You are now viewing our public site. Back to Dashboard

Neuroanatomy Part 2: The Spinal Cord

presented by Paddy Garvin-Higgins, MN, RN, CRRN, CNS, PHN

Accrediting Body:

Target Audience:

Levels:
Disclosure Statement:

Financial— Paddy Garvin-Higgins receives compensation from MedBridge for the production of this course. There are no other relevant financial relationships. Nonfinancial— No relevant nonfinancial relationship exists.

Satisfactory completion requirements: All disciplines must complete learning assessments to be awarded credit, no minimum score required unless otherwise specified within the course.

MedBridge is committed to accessibility for all of our subscribers. If you are in need of a disability-related accommodation, please contact [email protected]. We will process requests for reasonable accommodation and will provide reasonable accommodations where appropriate, in a prompt and efficient manner.

Accreditation Check:
Video Runtime: 46 Minutes; Learning Assessment Time: 19 Minutes

Rehabilitation clinicians must have a good understanding of neuroanatomy in order to understand pathology. This is Part 2 of the neuroanatomy introductory course and presents a basic overview of the vertebral column, spinal cord, and related nerve pathway innervation. As one of the two major organs in the central nervous system (CNS), the spinal cord functions as the major connection between the brain and the body. This course is most appropriate for clinicians working in neurological inpatient and post-acute care rehabilitation settings, and it could also be beneficial for other rehabilitation professionals, such as social workers and dietitians.

Meet Your Instructor

Paddy Garvin-Higgins, MN, RN, CRRN, CNS, PHN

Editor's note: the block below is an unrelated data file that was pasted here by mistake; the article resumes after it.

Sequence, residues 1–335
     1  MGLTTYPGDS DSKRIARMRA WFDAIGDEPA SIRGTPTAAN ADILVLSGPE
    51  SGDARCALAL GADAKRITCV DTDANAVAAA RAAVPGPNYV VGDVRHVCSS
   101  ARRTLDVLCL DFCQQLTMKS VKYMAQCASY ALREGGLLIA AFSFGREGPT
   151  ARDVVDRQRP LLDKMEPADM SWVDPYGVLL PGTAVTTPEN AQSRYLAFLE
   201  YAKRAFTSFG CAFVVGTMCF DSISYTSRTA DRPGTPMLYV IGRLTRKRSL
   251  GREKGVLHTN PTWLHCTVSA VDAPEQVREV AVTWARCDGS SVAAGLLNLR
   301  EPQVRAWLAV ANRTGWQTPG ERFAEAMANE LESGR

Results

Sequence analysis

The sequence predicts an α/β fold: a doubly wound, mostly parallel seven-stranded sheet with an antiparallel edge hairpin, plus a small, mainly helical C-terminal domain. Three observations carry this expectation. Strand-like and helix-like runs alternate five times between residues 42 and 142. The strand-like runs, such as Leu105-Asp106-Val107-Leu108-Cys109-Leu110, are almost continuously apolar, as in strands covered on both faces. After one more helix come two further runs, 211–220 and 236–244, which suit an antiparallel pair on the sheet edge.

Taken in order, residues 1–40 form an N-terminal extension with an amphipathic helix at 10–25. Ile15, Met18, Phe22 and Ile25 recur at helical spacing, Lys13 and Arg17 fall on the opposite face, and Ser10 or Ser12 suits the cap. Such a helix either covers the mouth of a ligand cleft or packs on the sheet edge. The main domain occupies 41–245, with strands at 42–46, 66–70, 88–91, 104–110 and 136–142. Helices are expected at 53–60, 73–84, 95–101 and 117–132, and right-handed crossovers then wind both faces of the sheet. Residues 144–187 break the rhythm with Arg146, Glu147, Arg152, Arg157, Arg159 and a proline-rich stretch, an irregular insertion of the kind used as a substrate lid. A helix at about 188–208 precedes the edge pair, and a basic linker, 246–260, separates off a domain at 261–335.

Paddy has been involved in the nursing field since 1968. She received a diploma certificate in registered nursing in 1975 from Lutheran Medical Center School of Nursing in Cleveland, Ohio. She received both her BSN (1993) and MN (1996) degrees from the University of Phoenix. She completed additional postgraduate work at Loma Linda University School…

Read full bio

Chapters & Learning Objectives

Download Learning Objectives

1. Introduction to Neuroanatomy of the Spine

The spinal or vertebral column is a flexible bony structure that supports and protects the spinal cord. This chapter will present an overview of the importance of proper alignment of the spine as it connects to ligaments and tendons along with housing the spinal cord and nerve root openings to innervate muscles and internal organs.

2. Structural and Functional Neuroanatomy of the Spinal Cord

As the second major organ in the central nervous system (CNS), the spinal cord, or medulla spinalis, connects the brain to the rest of the body. It is important for clinicians to understand how the spinal cord assists the brain with optimal body function and movement. Discussion of each of the four main spinal cord regions, with associated anterior and posterior spinal nerve root function, along with upper and lower motor neuron pathways, will be presented.

3. Peripheral Nervous System: Somatic and Autonomic Branches

The spinal cord nerve root pathways relay messages (outside the brain and spinal cord) to organs and the periphery of the body through what is called the peripheral nervous system (PNS). This system houses both voluntary (somatic) and involuntary (autonomic) system branches. It is important for clinicians to understand normal pathophysiology of both to understand how organs act in times of stress or rest. This chapter will review the twelve cranial nerves and thirty-one pairs of spinal cord nerves within the PNS, along with related functions, both voluntary and involuntary, within the human body.

4. Performing a Neurological Assessment to Check Spinal Cord Function: Dermatomes, Myotomes, and Reflexes

Normal nerve impulse control and innervation is important for healthy function of the spinal cord and brain. The treating clinician must have a good understanding of the components of a comprehensive neurofunctional examination to determine this status for a patient. In addition to determining level of consciousness and verbal responses, the clinician must be able to demonstrate how to evaluate motor responses such as muscle strength, muscle tone, posture, reflexes, movement, sensation, and coordination. This chapter will present a quick overview of how to perform a simple motor and sensory examination to determine optimal spinal cord function.

Sign up to get free evidence-based articles, exclusive discounts, and insights from industry-leaders.